2.12 Experiential Learning Cycle

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Certified Facilitator of Adult Learning

Experiential Learning Cycle: an Overview

The experiential learning cycle is an inductive process used by participants (learners) to derive meaning from observations and interactions in creative learning experiences. The cycle was developed by Pheiffer and Jones and a detailed description may be found in: The 1980 Handbook for Group Facilitators, Pfeiffer, WJ and Jones JE, San Diego, CA. University Associates, pp 3-10.

Benne, Bradford & Lippitt (1964 T-Group Theory and Laboratory Method, Bradford et.al, New York John Wiley & Sons, pp16-44) describe 7 distinct learning objectives which may be accomplished through experiential learning and laboratory education (creative teaching strategies). They include:

  1. Increased awareness of and sensitivity to emotional reactions and expressions in self and others
  2. Greater ability to perceive and to learn from the consequences of own actions.
  3. Clarification and development of personal and professional values and goals consonant with a democratic and scientific approach to problems of social and professional decision and action
  4. Development of concepts and theoretical insights to serve as tools in linking personal factors with situational requirements.
  5. Achievement of behavioral effectiveness in transactions within one’s own environments.
  6. Recognition that continuing opportunities to apply new learnings will occur in real-life situations
  7. Learning how to learn that includes taking initiative in seeking and using resources of others to enhance won learning and becoming an effective resource in giving help.

In the Experiential Learning Cycle, the instructor determines in advance questions to facilitate discussion for each stage in the cycle. These questions help learners develop a sense of ownership over what is learned and guide them through all forms of learning. Guidelines for developing facilitation questions are presented in the next three units

Everything you have submitted so far for this course is contained within the first phase of the Experiential Learning Cycle – EXPERIENCING. There is much more to teaching and learning than objectives, content, and teaching strategies. The Experiential Learning Cycle will help you develop valuable facilitation skills that address how you teach above and beyond what you teach.


Determine Learning Objectives

(doing it)

The Activity phase

Concrete Experience


Learners involve themselves fully, openly, and without bias in new experiences.

(now what?)
Learning how to use
Active Experimentation
Learners use newly acquired theories to make decisions and solve

Discussing reactions, patterns and dynamics
Reflective Observation
Learners observe and reflect on these experiences from many perspectives.

(so what?)
Developing Principles
Abstract Conceptualization
Learners create concepts that integrate their observations into logically sound theories.

Learners EXPERIENCE the learning strategy (teaching method such as lecturette, handout, video, etc) to develop a common data base for the discussion that follows.

The second step is PUBLISHING. This step involves finding out what happened within individuals, at both the cognitive and affective levels, during the preceding activity or experience.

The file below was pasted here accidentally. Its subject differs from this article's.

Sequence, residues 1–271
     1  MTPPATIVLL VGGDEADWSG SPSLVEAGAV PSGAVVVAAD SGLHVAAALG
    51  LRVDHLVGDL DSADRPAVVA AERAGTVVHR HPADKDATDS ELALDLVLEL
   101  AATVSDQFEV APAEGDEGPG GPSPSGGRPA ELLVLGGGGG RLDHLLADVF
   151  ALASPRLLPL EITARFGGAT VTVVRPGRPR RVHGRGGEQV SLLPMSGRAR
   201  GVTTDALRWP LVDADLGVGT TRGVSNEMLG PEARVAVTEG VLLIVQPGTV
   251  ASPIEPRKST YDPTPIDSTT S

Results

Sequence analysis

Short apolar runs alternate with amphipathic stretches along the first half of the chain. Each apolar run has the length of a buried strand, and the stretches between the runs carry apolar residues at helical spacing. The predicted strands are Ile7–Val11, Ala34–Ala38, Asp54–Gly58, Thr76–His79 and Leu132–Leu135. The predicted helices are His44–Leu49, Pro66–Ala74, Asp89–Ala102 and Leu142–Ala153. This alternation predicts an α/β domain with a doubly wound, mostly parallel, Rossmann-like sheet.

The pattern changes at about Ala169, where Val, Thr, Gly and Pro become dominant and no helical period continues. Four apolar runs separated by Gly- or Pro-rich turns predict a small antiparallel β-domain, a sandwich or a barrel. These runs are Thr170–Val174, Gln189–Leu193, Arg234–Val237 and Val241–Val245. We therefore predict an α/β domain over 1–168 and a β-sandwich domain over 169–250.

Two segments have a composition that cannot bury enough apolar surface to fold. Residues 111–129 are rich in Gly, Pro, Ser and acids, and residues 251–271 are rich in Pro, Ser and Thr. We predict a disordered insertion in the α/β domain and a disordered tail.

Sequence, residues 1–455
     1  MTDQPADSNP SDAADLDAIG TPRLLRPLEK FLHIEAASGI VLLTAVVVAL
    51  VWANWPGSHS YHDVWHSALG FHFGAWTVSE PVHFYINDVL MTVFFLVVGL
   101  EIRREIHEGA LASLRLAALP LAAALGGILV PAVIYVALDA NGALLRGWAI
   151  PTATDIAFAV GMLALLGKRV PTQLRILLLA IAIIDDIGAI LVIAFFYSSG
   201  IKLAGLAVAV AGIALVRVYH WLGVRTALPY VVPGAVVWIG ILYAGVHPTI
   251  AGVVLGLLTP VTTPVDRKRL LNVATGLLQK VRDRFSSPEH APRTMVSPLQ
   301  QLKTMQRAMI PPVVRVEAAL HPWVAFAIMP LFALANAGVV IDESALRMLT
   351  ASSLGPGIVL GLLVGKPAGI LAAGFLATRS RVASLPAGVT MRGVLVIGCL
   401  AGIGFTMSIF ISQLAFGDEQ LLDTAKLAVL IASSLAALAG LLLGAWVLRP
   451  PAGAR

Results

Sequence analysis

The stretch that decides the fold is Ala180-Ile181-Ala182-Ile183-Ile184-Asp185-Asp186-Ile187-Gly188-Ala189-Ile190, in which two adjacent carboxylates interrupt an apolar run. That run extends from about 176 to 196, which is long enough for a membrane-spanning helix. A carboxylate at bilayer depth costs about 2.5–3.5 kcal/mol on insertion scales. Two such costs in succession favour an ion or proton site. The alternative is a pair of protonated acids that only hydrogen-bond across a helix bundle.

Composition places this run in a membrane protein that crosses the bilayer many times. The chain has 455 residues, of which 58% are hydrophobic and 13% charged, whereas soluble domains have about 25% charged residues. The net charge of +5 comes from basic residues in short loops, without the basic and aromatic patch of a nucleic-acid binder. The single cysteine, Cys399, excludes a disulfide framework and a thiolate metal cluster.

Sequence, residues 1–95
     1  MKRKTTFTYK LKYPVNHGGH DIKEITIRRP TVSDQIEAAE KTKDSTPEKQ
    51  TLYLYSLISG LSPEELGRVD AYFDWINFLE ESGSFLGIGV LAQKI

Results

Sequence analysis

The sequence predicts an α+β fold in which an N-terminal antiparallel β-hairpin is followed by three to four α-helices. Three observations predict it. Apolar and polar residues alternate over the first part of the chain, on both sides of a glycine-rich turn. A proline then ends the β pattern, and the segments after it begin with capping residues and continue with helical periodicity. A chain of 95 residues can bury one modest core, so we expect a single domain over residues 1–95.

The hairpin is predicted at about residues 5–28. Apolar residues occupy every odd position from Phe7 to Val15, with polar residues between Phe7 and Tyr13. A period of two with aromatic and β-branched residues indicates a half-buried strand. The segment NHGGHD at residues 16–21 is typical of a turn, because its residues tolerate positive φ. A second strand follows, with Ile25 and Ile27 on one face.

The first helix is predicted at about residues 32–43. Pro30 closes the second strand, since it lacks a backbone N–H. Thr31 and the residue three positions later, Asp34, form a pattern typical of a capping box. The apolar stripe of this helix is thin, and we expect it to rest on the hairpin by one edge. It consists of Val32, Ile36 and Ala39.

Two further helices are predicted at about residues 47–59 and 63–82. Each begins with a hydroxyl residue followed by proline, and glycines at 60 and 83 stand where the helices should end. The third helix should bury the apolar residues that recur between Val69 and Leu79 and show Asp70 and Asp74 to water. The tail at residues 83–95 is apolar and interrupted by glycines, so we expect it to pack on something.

In step three, PROCESSING, the facilitator helps participants systematically examine the commonly shared experiences of the group. Participants essentially reconstruct the patterns and interactions of the activity from the published individual reports.

After processing, participants are ready to make an inferential leap into GENERALIZING the experience to the outside world. Learners are guided to identify situations in their personal or professional areas that are similar to those in the activity they just experienced. In this stage, the facilitator may bring in theoretical and research findings to support the learning.

The final stage, APPLYING, asks participants to plan ways to take new actions in their "real-life" vs. "classroom" worlds.

Experiencing and Generalizing in the Learning Cycle are ways of taking in information. They form a continuum between Sensing and Intuition.

Publishing/Processing and Applying in the Learning Cycle are ways of focusing one’s energy. They form a continuum between Introversion and Extraversion.

This means that your Extravert is going to be happiest toward the end of the cycle, when the "real action" is occurring, while your Introvert will enjoy quiet time earlier just to process the information. The Sensor in your group will be most lively at the beginning of the cycle, and the Intuitor will come alive mid-way through when the generalizing occurs. In essence, the cycle satisfies the needs of your participants when used within your program.

In the Experiential Learning Cycle, the learner’s subjective experience
is of critical importance in the learning process. Experiential Learning Cycles propose an iterative series of processes that underlies learning. In other words, it’s not what you teach, but how you teach it that most dramatically influences the learner.

Experiential Learning Cycles are commonly used to help structure experience-based training and education programs. It is the teacher’s responsibility to structure and organize a series of experiences
that positively influence each individual’s potential future experiences (
Dewey, 1938/1997
In other words, "good experiences" motivate, encourage, and enable students to go on to have more valuable learning experiences, whereas, "poor experiences" tend to lead towards a student closing off from potential positive experiences in the future.

Surprise – No tests for this page! So, take a Break…

NEXT 2.13 Why Use the Experiential Learning Cycle

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